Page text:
Tuesday, December 6, 2016
Thursday, November 10, 2016
Tuesday, November 8, 2016
Sunday, November 10, 2013
Wednesday, July 3, 2013
Monday, November 26, 2012
Saturday, November 17, 2012
Friday, November 19, 2010
Thursday, October 21, 2010
Wednesday, October 13, 2010
One of my football players today comes in during my prep asking what other assignments he needs to catch up on before this week's end-of-grading-period. I showed him the two assignments he was missing - a camera shot activity and an introductory letter the substitute had asked students to write to introduce themselves and state why they were in the class, what they hoped to get out of it, etc. So I'm reading through his letter and it states how he might have trouble in class with the language because he's an exchange student from Brazil. I said, "Jeff, did you happen to copy this from Pedro (the exchange student from Brazil)??" Oy! Try a little harder with the plagiarism, kid!!
Saturday, October 9, 2010
I wish I had more time to sit and reflect on my first week teaching high school. I just finished 30 minutes in the hot tub and am finally soothed from the week.
I love the atmosphere. It was Homecoming Week, so things were probably a little more pumped up than usual, but there was tremendous energy! Reconnecting with former Marshall students was great! It helped ease the transition. I've seen many of my past Media students - and encouraged them to take my class next year. I haven't gotten to know many staff members yet. The front office staff is great, and I've met a few teachers whose names I can't remember, but not much more than that. I chatted a while with the Career Counselor who shares an office down the hall. Other than her, there's only the Copy Room further down the hall. I LOVE having my own wing! My classroom is on one side with the studio, control room and two audio rooms on the other. Unfortunately, the latter 4 are mostly storage rooms for dead or decrepit equipment. The classroom has 24 recent-model iMacs with Final Cut Pro and Adobe CS3. There are also 8-10 old eMacs that aren't even hooked up - a way-in-the future project. There are lots of those. Like going through the 17-year-old studio equipment and seeing what works, if anything. I've assigned some students to test some of it and that will help. I've stayed until 5 or 6 every day this week, but there are still so many projects to do! I got the studio lights going the other day. Still haven't figured out the dimmer panel though.
We shot the sports anchors on Thursday and it looks good. We'll do the studio anchors on Monday. I managed to find an old multimedia desk that will serve as our news desk for now and the students helped get it in shape. That's what's so great about high school students. They can stay after school to do things! No scurrying for the bus or carpool. I also put up a background for the anchors yesterday. As soon as I get the lights set today, I think we'll be ready for taping on Monday!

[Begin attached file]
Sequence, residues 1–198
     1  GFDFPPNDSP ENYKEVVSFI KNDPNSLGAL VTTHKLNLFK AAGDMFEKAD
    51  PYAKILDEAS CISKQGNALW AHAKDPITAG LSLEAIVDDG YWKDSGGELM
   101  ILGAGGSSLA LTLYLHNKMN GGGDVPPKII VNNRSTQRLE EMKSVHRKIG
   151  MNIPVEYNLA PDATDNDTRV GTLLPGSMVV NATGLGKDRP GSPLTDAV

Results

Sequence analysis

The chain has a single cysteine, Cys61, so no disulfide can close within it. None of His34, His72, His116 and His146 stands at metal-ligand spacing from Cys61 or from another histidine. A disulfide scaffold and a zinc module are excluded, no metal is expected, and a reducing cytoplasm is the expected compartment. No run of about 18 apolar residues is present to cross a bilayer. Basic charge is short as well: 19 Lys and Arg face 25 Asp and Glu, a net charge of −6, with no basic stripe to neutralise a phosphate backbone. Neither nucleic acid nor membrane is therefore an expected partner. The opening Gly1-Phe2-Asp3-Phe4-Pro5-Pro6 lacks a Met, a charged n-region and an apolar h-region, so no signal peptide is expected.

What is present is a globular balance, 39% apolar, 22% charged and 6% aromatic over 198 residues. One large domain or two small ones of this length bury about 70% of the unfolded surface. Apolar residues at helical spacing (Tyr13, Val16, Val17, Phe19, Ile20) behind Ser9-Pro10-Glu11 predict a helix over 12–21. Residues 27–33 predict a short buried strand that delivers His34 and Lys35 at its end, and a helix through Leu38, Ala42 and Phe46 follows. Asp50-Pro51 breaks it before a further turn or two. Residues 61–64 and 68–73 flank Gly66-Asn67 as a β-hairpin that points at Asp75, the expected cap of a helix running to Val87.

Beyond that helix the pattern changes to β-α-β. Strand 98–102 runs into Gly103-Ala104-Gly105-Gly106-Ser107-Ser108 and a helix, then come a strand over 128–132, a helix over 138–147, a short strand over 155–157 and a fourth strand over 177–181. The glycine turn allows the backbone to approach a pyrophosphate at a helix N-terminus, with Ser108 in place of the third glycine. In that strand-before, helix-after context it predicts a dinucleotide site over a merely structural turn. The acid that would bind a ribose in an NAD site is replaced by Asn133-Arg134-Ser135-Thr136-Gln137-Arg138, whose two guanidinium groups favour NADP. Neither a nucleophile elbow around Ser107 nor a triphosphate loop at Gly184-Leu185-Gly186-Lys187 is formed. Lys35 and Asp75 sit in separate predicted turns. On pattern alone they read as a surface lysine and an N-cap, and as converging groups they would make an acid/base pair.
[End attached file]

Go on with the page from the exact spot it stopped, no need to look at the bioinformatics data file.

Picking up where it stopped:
Yesterday was Homecoming. I knew there was a rally in the stadium during the school day, but nobody told me about the events before school. When I arrived (late, due to CRAZY traffic) the Seniors in their blue class colors were on the second floor above the quad taunting the Juniors in red down below. I had worn my Michigan State sweatshirt to root on my team this weekend, but also found out green was the Freshman class color. Perfect. I fit right in! At the rally, my students joined their respective classes in the stands and I headed up to the top to watch the activities. It's unusual for me to be able to do that. I had two students taping the events, so I only took cellphone video and pictures to send to Frank. And I didn't have to set up the audio system or worry about it when the mics went dead halfway through the rally. Not my problem!
Putting together lesson plans still seems daunting, but overall it was a good first week.
Tuesday, March 23, 2010
By Karen Oberthaler, V.M.D. | NEWSWEEK
When I say I'm a veterinary oncologist, I am usually met with a bemused, slightly incredulous reaction. I'm often asked, "Do people really treat their pets for cancer?" As a matter of fact, they do. Not only do I administer radiation and chemotherapy to cats and dogs (not to mention the occasional ferret and hedgehog) on a daily basis, but I work in one of the most sophisticated veterinary hospitals in the country, with a neurosurgeon, a dermatologist, an ophthalmologist, and a host of other specialists. Pet owners routinely rack up $10,000 bills to save the life of an animal that they consider a beloved member of the family.